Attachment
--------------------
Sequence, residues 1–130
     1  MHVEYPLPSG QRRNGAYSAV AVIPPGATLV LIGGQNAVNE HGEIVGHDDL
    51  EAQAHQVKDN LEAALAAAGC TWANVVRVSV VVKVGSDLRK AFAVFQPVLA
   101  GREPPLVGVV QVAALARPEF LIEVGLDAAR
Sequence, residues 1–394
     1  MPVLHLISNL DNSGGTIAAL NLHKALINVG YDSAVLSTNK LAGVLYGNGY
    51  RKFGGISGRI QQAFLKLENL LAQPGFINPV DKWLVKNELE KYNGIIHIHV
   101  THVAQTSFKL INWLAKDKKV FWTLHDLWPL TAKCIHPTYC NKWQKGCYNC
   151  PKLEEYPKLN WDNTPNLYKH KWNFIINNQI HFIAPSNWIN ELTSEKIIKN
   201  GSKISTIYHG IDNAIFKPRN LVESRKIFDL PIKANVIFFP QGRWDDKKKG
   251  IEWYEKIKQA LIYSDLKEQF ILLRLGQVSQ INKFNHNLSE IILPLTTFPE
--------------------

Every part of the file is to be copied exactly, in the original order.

Sequence, residues 1–130
     1  MHVEYPLPSG QRRNGAYSAV AVIPPGATLV LIGGQNAVNE HGEIVGHDDL
    51  EAQAHQVKDN LEAALAAAGC TWANVVRVSV VVKVGSDLRK AFAVFQPVLA
   101  GREPPLVGVV QVAALARPEF LIEVGLDAAR
Sequence, residues 1–394
     1  MPVLHLISNL DNSGGTIAAL NLHKALINVG YDSAVLSTNK LAGVLYGNGY
    51  RKFGGISGRI QQAFLKLENL LAQPGFINPV DKWLVKNELE KYNGIIHIHV
   101  THVAQTSFKL INWLAKDKKV FWTLHDLWPL TAKCIHPTYC NKWQKGCYNC
   151  PKLEEYPKLN WDNTPNLYKH KWNFIINNQI HFIAPSNWIN ELTSEKIIKN
   201  GSKISTIYHG IDNAIFKPRN LVESRKIFDL PIKANVIFFP QGRWDDKKKG
   251  IEWYEKIKQA LIYSDLKEQF ILLRLGQVSQ INKFNHNLSE IILPLTTFPE